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Amtrak ex-ATSF Pine-series sleeper

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This is a build I've had going on in the background for a while now. Like a few other projects I've worked on, ultimately the research--and repairing my screw-ups--took longer than the actual work. In this modern era, there's some interesting passenger modeling that can be done without insane levels of effort.


When Walthers came out with the new Amfleet cars, I didn't want to pass up on them, but I hadn't really thought about what I'd buy. Amtrak and amfleet don't fit my normal modeling efforts, but do fit the same-era test. And to me, Amtrak was always an F40PH pulling amfleets. I did some research, and found that in the late 70s, quite a few trains ran with Amfleet I cars on longer-distance runs. It was only a 150-mile run, but I took a liking to the Minneapolis - Duluth/Superior North Star, which would run 3-5 Amfleet I, a baggage, and a sleeper behind a single F40...kinda like this:


15900529680_99615b1160.jpgAMTRAK 352 by Dan Mackey, on Flickr


A little more research showed that some of the earliest heritage cars rebuilt for this service were ex-Santa Fe baggage cars and sleepers. The baggage is a slam-dunk because Walthers released it in pretty correct Phase I, II, and III versions. I grabbed my Phase II on clearance right after I started boning up on amfleets. The sleeper was a bit tougher. Right after it started rebuilding ex-UP Pacific-series sleepers, Amtrak switched to the ex-Santa Fe Pines series because the A/C systems were less reliable on the Santa Fe cars.


They came out looking right at home in Phase II stripes:


22668687383_22f95322ab.jpgAmtrak 2983 Pine Arroyo 5-1979 mb by mbernero, on Flickr


Now, how to model?


After mucking around for a while, I realized the P2K deluxe San Francisco Chief Pines cars could be updated reasonably easily. What I do here could also be used to make a dorm lounge, and these cars have definitely withstood the test of time. Truth be told, the car completed here is my test subject. I will build one more to keep for my own fleet. Note that if you're interested in trying something like this yourself, Walthers has suitable donor cars on clearance.


First, here's the changes required to get a 95% solution:

1) Add HEP connections and marker lights to ends
2) Replace trucks with GSC-41 trucks
3) Remove steam heating equipment and update undercarriage with HEP details
4) Remove Santa Fe lettering
5) Add Amtrak striping and decals


Now, it's impossible to find a separate detail part for passenger car red marker lights. Plus, matching the plated finish isn't the easiest thing. So, time to get creative. I picked up a Walthers plated Amtrak Phase III lounge car on clearance for $30. I salvaged the lighting bar for one of my NJDoT cars, and swapped trucks and ends with the Santa Fe Pines car.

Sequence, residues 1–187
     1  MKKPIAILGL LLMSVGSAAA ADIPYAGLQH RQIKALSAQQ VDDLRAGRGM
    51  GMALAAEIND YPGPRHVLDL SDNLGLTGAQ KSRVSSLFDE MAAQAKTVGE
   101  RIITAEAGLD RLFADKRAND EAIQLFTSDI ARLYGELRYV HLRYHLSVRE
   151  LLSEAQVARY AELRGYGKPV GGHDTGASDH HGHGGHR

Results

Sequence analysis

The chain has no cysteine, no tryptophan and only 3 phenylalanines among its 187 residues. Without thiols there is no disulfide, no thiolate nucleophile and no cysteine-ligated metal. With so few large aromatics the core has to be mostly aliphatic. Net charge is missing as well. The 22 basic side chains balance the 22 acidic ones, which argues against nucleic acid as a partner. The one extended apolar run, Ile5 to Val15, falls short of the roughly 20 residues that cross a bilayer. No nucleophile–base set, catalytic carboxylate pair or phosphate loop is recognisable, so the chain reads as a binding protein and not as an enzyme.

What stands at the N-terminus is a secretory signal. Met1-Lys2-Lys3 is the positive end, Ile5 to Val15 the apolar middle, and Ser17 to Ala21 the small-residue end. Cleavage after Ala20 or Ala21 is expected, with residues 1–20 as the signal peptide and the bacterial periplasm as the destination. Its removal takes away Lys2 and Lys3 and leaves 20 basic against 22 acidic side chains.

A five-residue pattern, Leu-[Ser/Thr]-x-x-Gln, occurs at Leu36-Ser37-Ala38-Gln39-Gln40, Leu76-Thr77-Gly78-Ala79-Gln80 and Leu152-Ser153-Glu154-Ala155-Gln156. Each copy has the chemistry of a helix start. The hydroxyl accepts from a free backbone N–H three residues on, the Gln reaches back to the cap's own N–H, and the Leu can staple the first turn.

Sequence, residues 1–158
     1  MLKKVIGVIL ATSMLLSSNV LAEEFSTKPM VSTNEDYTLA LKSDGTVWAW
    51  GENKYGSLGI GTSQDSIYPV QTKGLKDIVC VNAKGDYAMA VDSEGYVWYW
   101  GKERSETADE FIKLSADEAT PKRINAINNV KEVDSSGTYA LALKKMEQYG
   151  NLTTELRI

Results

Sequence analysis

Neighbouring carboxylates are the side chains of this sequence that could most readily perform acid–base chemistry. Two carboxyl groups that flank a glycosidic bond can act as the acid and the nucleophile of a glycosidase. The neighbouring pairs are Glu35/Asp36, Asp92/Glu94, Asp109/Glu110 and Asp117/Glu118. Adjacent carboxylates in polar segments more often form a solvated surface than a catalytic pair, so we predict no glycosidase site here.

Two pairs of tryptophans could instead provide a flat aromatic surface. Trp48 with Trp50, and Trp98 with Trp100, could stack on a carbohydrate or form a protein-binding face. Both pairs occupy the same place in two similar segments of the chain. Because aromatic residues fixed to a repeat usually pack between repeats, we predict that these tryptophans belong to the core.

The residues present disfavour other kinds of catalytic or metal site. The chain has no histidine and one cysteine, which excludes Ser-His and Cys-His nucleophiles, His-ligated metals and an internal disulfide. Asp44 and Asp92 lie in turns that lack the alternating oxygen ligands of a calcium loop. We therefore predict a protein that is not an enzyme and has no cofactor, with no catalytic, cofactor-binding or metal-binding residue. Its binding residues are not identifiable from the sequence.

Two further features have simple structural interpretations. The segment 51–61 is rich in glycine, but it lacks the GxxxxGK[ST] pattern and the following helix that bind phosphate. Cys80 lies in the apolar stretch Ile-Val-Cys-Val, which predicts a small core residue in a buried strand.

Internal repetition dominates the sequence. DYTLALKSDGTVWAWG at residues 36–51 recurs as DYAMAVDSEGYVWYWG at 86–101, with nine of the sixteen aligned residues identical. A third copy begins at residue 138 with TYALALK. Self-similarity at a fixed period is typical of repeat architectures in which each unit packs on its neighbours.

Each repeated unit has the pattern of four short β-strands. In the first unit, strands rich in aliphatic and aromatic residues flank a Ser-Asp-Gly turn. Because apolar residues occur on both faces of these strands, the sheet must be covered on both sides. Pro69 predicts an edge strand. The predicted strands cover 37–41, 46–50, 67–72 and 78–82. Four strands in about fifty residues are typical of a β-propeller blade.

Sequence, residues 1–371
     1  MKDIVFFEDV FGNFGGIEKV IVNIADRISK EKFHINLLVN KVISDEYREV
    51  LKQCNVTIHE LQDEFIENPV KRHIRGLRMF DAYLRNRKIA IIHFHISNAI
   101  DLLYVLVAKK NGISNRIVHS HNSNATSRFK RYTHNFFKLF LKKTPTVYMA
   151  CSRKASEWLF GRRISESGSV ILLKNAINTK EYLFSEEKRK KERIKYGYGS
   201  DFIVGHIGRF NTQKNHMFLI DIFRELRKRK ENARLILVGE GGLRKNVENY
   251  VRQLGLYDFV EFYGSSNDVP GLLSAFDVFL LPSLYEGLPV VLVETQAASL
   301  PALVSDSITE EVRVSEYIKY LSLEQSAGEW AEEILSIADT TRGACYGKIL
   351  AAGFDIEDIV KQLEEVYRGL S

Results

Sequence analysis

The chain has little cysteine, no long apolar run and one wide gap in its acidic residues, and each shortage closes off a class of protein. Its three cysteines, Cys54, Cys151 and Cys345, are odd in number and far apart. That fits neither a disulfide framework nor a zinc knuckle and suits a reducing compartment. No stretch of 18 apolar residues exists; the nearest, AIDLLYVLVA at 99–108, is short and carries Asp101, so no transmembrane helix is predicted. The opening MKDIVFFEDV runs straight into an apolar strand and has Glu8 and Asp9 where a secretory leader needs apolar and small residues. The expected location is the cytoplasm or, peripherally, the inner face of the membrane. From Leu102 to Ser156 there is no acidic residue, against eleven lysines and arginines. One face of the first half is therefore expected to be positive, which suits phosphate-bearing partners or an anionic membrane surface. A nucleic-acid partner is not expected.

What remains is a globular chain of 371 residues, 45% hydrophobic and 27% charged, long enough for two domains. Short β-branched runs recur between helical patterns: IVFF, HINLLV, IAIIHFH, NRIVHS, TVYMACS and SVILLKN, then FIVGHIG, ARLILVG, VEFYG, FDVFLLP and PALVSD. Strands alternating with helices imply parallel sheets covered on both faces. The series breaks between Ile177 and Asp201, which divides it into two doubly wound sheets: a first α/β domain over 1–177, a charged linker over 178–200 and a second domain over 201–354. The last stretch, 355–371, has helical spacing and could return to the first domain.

It took a while to figure out that the Pines cars had some basic HEP mods, plus a bunch of minor variations car-by-car. I'm not sure how much got changed by the time they became dorms. Note that at a minimum, the water tanks need to be swapped out and the big steam-activated A/C unit needs to go. It took a while to figure out the water tanks are always screwed on, which means completely disassembling the car to get at the screws underneath the weights--which are part of the electrical system, too.


Here's a photo showing the underframe before painting:




After stumbling around, I found that removing the lettering was most easily done by sanding it off with 800-grit or finer sandpaper, and then masking/repainting the letterboards per antoniofp45's Alclad recipe on the Amtrak and Commuter forum. The shade is a tiny bit off, but not enough to be noticeable.

Once the underframe was updated, I was over the hump...mostly. Underside was airbrushed black. Decals came from the Microscale 87-423 anniversary set, which turned out to be defective and lacked the white background. I ended up decaling over the side twice to hide the defect, but it's part of the reason I won't keep the car now that it's done.


I also had a non-plated 10-6 sleeper that included a decal sheet which gave me enough lettering to complete the car, since I needed a Pine name. Unfortunately, the Walthers sheet was for ex-UPRR Pacific-series sleepers, which limited my options if I didn't want to piece every letter...it was bad enough piecing together "Pine" from individual letters, so I settled on Pine Crest. I'd love to do Pine Arroyo, but don't have a set with "Arroyo" on it.


Here's some photos of the finished car next to my unstarted car. They're not great because I had to make do with lighting, but it should give a good idea of how the car turned out.












Next, I'll build one for myself, and that one will also get weathered.

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